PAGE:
Integration of ultrasound when determining ideal needle entry in a difficult case can prevent repeated failed attempts and the overreliance on consultative services.
Explore This IssueACEP Now: Vol 33 – No 07 – July 2014
Ultrasound guidance is an accepted practice for many emergency medicine procedures (eg, central venous cannulation, joint aspiration, pericardiocentesis), but it is not commonly associated with benefit in lumbar punctures.1-3 Patients with nonpalpable bony landmarks and/or failed attempts can benefit from anatomical localization with ultrasound. Integration of ultrasound when determining ideal needle entry in a difficult case can prevent repeated failed attempts and the overreliance on consultative services (eg, interventional radiology or anesthesiology). A simplified two-step approach—defining the correct lumbar level and the true anatomic midline—can make this often-difficult “blind” procedure controlled and precise.
We recommend placing the patient in a sitting position, with feet supported and moderate neck flexion. The goal is to enlarge the interspinous distance; however, positioning should be determined by patient tolerance and comfort. The lateral decubitus position is also amenable to bony localization with ultrasound.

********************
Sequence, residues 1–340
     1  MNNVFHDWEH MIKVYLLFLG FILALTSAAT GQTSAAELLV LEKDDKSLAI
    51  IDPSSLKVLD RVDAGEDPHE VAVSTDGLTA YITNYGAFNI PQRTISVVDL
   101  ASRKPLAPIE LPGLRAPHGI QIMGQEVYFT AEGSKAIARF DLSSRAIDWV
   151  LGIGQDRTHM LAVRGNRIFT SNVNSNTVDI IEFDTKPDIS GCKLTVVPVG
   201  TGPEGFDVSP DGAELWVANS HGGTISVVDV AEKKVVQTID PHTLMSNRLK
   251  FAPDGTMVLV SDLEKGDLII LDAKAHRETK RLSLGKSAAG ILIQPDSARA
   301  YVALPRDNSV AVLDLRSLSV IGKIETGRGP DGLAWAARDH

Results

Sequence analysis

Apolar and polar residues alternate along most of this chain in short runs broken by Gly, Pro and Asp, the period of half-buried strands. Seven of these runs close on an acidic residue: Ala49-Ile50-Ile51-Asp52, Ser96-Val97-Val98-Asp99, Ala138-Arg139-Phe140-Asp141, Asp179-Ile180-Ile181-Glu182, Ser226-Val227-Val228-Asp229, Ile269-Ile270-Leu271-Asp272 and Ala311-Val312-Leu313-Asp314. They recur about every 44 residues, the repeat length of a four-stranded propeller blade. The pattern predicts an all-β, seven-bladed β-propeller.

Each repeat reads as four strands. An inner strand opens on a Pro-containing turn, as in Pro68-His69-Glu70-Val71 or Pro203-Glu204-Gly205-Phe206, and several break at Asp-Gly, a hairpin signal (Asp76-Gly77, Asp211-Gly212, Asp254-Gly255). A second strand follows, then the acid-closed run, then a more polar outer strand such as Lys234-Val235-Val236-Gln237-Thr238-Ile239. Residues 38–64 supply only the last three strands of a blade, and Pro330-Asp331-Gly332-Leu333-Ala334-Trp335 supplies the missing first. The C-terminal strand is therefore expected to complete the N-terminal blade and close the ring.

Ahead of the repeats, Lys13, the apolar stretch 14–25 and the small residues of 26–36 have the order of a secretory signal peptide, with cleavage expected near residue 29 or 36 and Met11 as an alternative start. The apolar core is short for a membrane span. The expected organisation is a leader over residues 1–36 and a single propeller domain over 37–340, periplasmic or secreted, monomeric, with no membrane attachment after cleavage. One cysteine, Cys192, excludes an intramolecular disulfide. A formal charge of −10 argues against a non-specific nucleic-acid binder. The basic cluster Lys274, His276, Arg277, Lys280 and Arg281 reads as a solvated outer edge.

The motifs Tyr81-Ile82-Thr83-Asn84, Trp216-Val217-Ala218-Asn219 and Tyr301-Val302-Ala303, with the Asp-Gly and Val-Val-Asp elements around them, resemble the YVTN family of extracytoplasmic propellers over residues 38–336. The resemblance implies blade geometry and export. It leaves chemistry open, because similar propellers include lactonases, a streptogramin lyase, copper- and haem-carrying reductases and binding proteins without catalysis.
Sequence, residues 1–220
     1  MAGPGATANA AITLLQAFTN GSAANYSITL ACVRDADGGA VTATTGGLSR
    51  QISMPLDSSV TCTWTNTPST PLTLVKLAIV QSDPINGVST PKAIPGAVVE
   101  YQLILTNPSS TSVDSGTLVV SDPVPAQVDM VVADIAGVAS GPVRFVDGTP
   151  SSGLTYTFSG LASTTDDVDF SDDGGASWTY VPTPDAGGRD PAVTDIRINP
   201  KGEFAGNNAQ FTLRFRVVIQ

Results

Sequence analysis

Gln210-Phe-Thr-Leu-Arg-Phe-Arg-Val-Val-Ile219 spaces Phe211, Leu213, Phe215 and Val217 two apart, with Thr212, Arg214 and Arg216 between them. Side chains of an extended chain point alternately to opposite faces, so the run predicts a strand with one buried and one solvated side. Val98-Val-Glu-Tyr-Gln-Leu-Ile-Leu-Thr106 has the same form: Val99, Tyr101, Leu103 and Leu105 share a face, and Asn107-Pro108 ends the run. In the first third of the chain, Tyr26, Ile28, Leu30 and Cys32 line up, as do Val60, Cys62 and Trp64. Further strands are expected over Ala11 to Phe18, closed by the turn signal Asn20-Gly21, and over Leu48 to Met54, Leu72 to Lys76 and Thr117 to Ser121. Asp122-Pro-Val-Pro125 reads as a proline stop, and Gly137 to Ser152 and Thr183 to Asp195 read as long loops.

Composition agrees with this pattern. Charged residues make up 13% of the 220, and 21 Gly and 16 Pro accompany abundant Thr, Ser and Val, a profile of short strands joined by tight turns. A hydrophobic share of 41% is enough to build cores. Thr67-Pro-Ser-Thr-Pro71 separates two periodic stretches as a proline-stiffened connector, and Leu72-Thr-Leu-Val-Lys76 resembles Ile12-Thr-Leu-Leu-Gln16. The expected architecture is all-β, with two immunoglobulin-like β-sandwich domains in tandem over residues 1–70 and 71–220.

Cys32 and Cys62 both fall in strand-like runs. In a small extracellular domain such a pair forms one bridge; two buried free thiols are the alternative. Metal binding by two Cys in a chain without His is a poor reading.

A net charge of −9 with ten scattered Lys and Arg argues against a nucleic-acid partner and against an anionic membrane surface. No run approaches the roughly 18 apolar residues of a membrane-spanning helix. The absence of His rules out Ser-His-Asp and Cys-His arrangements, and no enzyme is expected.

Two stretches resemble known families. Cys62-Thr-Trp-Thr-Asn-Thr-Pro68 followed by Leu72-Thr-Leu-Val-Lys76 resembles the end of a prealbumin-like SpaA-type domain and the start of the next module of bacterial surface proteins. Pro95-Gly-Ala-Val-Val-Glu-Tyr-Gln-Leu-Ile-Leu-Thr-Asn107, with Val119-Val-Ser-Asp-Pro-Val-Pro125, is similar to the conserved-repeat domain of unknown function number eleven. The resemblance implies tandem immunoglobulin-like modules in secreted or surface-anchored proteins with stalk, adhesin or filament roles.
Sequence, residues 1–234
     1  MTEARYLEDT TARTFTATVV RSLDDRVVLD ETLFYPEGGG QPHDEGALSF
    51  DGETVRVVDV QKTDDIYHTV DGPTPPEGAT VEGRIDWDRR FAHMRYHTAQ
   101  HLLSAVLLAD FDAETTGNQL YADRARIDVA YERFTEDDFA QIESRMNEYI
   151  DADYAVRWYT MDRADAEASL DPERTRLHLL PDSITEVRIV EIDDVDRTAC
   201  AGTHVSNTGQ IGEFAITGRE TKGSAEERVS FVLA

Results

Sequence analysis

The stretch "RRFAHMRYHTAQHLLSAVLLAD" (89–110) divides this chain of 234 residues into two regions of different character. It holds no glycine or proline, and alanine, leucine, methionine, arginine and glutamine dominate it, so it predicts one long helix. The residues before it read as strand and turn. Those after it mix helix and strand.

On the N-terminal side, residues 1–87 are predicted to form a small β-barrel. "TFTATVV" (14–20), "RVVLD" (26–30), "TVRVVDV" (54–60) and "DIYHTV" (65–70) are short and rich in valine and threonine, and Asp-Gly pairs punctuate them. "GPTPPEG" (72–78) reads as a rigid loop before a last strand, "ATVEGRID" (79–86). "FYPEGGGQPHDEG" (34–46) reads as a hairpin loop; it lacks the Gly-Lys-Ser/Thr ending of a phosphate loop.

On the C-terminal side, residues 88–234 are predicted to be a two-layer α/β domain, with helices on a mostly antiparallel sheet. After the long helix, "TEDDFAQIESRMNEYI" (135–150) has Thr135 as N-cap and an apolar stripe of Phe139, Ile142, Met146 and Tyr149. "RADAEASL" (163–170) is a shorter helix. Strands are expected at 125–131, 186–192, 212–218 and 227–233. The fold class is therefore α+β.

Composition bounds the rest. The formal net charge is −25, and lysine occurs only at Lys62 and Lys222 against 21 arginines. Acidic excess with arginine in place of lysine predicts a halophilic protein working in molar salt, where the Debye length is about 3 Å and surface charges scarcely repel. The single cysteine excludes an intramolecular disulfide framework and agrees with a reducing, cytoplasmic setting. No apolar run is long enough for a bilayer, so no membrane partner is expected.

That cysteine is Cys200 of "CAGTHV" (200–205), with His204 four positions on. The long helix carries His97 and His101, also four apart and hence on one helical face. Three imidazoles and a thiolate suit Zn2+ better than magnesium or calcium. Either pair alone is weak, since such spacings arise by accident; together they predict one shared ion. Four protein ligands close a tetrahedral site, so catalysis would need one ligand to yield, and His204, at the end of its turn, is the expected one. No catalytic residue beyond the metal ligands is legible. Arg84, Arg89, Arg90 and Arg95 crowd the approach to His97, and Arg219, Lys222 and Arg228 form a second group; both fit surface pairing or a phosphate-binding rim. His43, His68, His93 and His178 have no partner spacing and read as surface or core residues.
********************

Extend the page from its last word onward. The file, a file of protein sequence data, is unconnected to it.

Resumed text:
The curvilinear low-frequency (5–2 MHz) transducer is ideal for imaging nonpalpable bony landmarks in the difficult adult patient. In our opinion, the linear high-frequency transducer (commonly recommended for ultrasound landmark identification) is limited in only identifying structures under 6–9 cm in depth and not ideal in a patient with a large body habitus.
Bony Landmark Identification with Ultrasound4
Set the ultrasound system to a depth of around 10–12 cm with presets for musculoskeletal imaging (the depth will have to be adjusted based on the patient). Position the curvilinear low-frequency transducer with probe marker cephalad near the presumed midline. Slowly slide the transducer in a lateral manner (left or right) until the facet joints are noted. A paramedian view will be obtained, allowing for imaging of the inferior and superior articular processes of the adjacent lumbar vertebrae. These facet joints will look like humps on the ultrasound screen (see Figure 1). Then slide the probe caudad until the sacrum is visualized (horizontal hyperechoic line; see Figure 2). Delineating the most inferior aspect of the lumbar spine will allow for accurate localization of the L3-L4 and L4-L5 interspaces.